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ARS Home » Southeast Area » Fort Pierce, Florida » U.S. Horticultural Research Laboratory » Subtropical Insects and Horticulture Research » Research » Publications at this Location » Publication #353584

Research Project: Exotic Whitefly Pests of Vegetables and Ornamental Plants

Location: Subtropical Insects and Horticulture Research

Title: Neonic stewardship program for the management of the invasive Bemisia tabaci (MED) whitefly

item Kumar, Vivek - University Of Florida
item Mckenzie, Cindy
item Osborne, Lance - University Of Florida

Submitted to: Florida Entomological Society Annual Meeting
Publication Type: Abstract Only
Publication Acceptance Date: 7/12/2018
Publication Date: 7/23/2018
Citation: Kumar, V., McKenzie, C.L., Osborne, L.S. 2018. Neonic stewardship program for the management of the invasive Bemisia tabaci (MED) whitefly[abstract]. Florida Entomological Society Annual Meeting. p.36.

Interpretive Summary:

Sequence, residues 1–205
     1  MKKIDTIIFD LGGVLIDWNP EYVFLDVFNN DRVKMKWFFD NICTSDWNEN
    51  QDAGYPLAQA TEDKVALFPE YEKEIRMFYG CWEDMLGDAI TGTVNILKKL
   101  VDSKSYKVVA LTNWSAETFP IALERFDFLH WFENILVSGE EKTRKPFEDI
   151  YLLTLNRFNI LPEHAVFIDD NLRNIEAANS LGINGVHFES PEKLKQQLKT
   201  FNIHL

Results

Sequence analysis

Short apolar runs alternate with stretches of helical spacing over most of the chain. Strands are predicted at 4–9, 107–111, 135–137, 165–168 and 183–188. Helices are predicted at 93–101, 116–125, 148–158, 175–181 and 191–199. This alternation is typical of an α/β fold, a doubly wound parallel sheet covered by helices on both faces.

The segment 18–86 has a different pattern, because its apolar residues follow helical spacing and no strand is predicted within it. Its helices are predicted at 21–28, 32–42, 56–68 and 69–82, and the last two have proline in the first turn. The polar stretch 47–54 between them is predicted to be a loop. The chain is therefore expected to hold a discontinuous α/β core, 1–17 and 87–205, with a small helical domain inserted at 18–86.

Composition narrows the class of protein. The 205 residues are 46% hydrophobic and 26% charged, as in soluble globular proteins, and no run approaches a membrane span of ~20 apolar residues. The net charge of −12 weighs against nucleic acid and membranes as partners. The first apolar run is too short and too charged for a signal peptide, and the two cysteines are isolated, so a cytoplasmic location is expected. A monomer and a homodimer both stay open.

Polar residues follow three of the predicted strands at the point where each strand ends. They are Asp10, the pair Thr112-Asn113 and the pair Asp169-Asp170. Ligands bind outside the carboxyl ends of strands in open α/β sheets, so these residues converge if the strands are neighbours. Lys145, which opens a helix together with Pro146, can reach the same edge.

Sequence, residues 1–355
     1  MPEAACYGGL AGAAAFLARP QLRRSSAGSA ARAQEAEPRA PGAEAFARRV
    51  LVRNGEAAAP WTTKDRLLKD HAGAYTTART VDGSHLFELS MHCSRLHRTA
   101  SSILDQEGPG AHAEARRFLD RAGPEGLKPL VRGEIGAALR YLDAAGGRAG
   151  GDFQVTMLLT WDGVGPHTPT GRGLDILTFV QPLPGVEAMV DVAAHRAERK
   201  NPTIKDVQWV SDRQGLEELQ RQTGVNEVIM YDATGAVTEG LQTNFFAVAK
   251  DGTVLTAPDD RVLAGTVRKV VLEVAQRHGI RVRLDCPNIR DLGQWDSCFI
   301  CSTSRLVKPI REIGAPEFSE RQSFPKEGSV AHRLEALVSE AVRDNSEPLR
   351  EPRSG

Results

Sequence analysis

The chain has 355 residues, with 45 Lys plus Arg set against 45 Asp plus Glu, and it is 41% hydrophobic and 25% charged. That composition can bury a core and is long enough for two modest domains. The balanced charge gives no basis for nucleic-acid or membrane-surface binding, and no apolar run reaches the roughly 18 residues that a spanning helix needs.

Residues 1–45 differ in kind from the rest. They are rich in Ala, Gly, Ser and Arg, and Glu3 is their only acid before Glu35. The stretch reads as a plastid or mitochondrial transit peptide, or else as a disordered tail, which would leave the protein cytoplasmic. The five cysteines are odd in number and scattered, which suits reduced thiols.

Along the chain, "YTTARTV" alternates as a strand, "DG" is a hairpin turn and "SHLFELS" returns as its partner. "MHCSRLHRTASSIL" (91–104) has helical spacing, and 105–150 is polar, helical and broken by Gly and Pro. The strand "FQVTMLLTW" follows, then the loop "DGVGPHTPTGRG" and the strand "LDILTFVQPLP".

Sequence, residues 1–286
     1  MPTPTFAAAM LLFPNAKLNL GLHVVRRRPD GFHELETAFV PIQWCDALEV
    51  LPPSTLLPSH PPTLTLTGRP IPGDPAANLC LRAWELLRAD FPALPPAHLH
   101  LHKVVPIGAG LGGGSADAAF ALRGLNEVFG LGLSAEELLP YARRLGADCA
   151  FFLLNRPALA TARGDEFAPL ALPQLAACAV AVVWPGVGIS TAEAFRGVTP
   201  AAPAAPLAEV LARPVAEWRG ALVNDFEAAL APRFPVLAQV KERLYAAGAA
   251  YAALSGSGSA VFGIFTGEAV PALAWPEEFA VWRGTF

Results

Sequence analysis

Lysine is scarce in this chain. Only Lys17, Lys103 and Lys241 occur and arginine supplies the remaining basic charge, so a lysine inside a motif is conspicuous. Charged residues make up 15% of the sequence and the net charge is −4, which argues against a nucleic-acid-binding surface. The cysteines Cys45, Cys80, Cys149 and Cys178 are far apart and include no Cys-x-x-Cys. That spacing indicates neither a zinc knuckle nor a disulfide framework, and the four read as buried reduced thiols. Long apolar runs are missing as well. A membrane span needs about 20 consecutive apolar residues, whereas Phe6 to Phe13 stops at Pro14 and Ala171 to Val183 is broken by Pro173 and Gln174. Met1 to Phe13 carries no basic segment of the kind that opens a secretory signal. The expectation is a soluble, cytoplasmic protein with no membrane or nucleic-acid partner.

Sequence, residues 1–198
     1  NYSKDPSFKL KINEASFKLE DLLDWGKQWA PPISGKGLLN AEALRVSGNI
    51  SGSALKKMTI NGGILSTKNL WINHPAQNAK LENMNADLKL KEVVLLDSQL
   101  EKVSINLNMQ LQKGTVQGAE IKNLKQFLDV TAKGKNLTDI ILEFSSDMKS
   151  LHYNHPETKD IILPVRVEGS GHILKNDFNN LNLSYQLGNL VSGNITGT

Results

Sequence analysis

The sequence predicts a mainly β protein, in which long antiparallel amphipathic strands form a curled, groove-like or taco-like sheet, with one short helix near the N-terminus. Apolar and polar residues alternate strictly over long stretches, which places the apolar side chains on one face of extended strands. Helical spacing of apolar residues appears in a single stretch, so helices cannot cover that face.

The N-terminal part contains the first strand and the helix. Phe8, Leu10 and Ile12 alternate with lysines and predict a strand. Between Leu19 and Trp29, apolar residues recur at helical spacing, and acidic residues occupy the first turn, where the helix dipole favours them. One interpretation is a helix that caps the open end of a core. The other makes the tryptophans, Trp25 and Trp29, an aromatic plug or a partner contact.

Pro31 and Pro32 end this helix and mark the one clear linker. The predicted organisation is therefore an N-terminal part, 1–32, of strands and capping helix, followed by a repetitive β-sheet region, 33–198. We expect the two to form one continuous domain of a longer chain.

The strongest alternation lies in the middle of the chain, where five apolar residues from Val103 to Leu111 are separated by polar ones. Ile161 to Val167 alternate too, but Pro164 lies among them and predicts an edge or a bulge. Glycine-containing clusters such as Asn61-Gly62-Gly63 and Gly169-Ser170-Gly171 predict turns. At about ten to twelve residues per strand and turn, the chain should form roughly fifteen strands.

Technical Abstract: Bemisia tabaci is a polyphagous pest known to attack over 600 plant taxa and is an effective vector of more than 100 plant damaging viruses. Among different biotypes of this cryptic species complex, MEAM1 and Mediterranean MED whitefly are the two most destructive members posing threats of several crops of economic importance. With the overall goal to improve existing management strategies for MED whitefly and stewardship of neonicotinoid class of insecticide, greenhouse trials were conducted to evaluate available chemistries for whitefly control, and assess their compatibility with commercially available predator Amblyseius swirskii and parasitic wasp Eretmocerus eremicus. In our studies, eight different chemistries were evaluated including dinotefuran, a neonic insecticide considered growers’ standard for whitefly control. Results indicated that certain insecticides including cyantraniliprole, flupyradifurone, pyrifluquinazon, afidopyropen, and a premix- formulation of spinetoram and sulfoxaflor were effective against MED whitefly for over 5 weeks after a single application of the treatment. In addition, some of these chemistries were compatible with Amblyseius swirskii and Eretmocerus eremicus which could be integrated in the whitefly management program.